The Northern Spy
The Autumn of Our Discontent
Nellie Hacker dropped in the other day, looking for all the world a sleek panther that's snacked on a buzzard. She plunked herself in a visitor's chair and hoisted her feet to the top of my meeting table. When she tossed her best Cheshire across the room it sparkled in the air like fresh flowers in a Hawaiian lei, or a quad erat demonstrandum issued after a particularly satisfying Number Theory proof. (No, Nellie, QED does not mean "quite enough done" or quit, else die".)
Oh, and that reminds me to take issue with Thoughts on some simple graphics by Mike Pfaiffer in last month's issue of Call-A.P.P.L.E. (August 2003) No, Calculus and Linear Algebra are not difficult. Moreover, they are necessary stepping stones for programming work. After all, every sufficiently advanced problem is indistinguishable from applied mathematics. But where were we? Oh, yes, Nellie.
"I'd guess you're happy enough to be footloose and fancy free when you're supposed to be working," I observed dryly. "But what's the occasion, Nellie? Your boss in a celebratory mood and handing out time off in lieu of cigars?"
"Can't work when everybody else is using my desk," she advised, seeming for all the world to be underscoring the obvious. "Boss gave me the day off, told me to work at home out of my own digs."
"All right, I'll play Frank Schuster to your Johnny Wayne. What happened?"
"You remember how I whined and complained in your February 2003 column about all the computer problems at work?"
"Yeah, what of it?"
"Boss read your column and took pity. Approved my requisition for a Mac. Got the little honey in this week. One of the first 2GHz twin G5s off the old assembly line."
"So the tech support people are setting it up whilst you harass me about having an old G4?"
"Oh, no I set it up myself the same day. Stayed after work and had her on the net, all my apps and files loaded and humming like a Ruby Throat in a half hour. Tech were a tad upset 'bout me doing them out of their jobs, but at least my desktop ain't part of their makework project any more."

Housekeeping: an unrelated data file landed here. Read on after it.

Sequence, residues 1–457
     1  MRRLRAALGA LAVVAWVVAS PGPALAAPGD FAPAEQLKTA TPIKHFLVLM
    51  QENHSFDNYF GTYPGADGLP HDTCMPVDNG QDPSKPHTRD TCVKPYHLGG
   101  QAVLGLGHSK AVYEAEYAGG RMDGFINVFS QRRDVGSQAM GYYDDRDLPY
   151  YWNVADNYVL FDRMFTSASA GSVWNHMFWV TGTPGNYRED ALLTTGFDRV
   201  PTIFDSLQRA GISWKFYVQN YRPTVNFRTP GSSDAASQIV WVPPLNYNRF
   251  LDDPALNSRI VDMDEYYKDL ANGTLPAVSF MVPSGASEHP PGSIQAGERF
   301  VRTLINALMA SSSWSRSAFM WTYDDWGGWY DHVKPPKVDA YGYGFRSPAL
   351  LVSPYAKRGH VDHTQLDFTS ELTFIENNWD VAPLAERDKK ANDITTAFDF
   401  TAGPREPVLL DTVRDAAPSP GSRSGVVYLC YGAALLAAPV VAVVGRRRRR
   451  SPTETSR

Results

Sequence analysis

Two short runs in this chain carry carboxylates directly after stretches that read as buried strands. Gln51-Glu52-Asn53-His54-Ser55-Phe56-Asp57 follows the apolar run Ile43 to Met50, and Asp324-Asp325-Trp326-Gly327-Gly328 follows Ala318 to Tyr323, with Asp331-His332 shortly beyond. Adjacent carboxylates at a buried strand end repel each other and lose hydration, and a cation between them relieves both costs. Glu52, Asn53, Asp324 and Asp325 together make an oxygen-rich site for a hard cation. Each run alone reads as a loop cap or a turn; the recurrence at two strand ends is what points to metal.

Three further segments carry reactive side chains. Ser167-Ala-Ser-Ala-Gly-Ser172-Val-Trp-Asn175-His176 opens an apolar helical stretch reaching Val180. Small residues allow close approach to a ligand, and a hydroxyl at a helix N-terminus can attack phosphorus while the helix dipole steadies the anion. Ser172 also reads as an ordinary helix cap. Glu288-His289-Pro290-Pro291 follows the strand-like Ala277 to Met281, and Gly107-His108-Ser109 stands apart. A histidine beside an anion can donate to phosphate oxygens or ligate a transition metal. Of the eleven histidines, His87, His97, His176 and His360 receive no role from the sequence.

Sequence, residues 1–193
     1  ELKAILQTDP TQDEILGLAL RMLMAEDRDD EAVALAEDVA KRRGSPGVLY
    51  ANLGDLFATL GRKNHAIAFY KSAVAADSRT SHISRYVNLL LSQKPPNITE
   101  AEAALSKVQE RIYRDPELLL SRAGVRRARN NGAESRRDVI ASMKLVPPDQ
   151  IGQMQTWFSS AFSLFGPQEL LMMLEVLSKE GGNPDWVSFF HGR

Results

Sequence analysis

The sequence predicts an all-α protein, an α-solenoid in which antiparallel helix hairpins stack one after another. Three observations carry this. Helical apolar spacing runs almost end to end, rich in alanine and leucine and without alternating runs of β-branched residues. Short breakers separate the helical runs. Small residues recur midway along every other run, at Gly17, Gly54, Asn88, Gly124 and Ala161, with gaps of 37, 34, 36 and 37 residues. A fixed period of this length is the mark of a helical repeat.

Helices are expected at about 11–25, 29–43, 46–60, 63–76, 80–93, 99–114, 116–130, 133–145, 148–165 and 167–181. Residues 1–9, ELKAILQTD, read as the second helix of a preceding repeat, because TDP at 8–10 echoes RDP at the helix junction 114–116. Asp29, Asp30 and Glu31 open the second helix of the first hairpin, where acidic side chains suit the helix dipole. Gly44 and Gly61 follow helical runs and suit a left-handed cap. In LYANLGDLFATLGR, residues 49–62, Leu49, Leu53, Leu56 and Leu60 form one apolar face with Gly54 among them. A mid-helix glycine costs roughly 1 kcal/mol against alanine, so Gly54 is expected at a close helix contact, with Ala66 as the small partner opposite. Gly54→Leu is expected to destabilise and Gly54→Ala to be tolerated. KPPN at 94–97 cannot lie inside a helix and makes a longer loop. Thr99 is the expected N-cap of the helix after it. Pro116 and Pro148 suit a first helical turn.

"So, you're off work because..."
"I'm getting to that," she retorted, her grin widening to threaten the stability of my bookshelves.
When she just continued to savour her moment without continuing, I tried again. "Your new Mac is still working, isn't it?"
"Oh sure enough. Fact, it's the only machine in the whole company that's functional."
"But you've got hundreds. What happened?"
"Blaster worm got in, toasted the whole lot."
"Didn't they patch for that? I thought that exploit was plugged weeks ago."
"Tech support was too busy trying to make an upgrade work on the executive machines. Thought the firewall would protect the company. Then the CIO her own self brought her portable from home and plugged it in to the net. Kerbang!" She drove her left fist into her right hand for emphasis. Seems her kids had been using it at school."
"But it didn't affect the one Mac."
"Course not. Nor a couple of Linux servers, one in accounting, the other doing our eMail. But when the scoop got around, pretty soon there was a lineup of people wanting to use my machine to check their messages."
"So they let you go home."
"No, 'cause then five million sobig infested eMails arrived at the company server in an hour. So it croaked, too. Nah," she added, sardonically, "while they're waiting for tech support to clean up the mess, the accounting people took over my desk to prepare the company's end of quarter report. Has to be filed with the stock exchange by tomorrow. Company won't be back to normal for a couple of weeks minimum."
She chuckled and seemed to wind down momentarily, then added yet another morsel.
"After that, tech support posted a memo with quotes from bigger companies than ours saying things were even worse other places. They took it down after I asked why there were no quotes from companies using MacOS, Unix, or Linux."
I punctured Nellie's satisfaction with another question. "How are they going to get the report to the stock exchange if the mail's down?"
"I dunno. Courier pigeon?"
"I thought your tech support people said they wouldn't buy Macs because of incompatibilities with your company's applications. How is accounting managing their show?"
"No one ever asked me before. The data's on their server and can be queried by anything that'll talk SQL with the right accent. I set them up with a couple apps to choose from and left them counting beans to their hearts' content."
"Giving you the day off," I concluded.
"Know the best part?" Her grin reached its apex, and I thought I saw it bounce off the walls.
"CEO came by while they were starting work and said, 'going to have to talk to tech support about buying more of these boxes'."
"Some things are best eaten cold, aren't they," I suggested.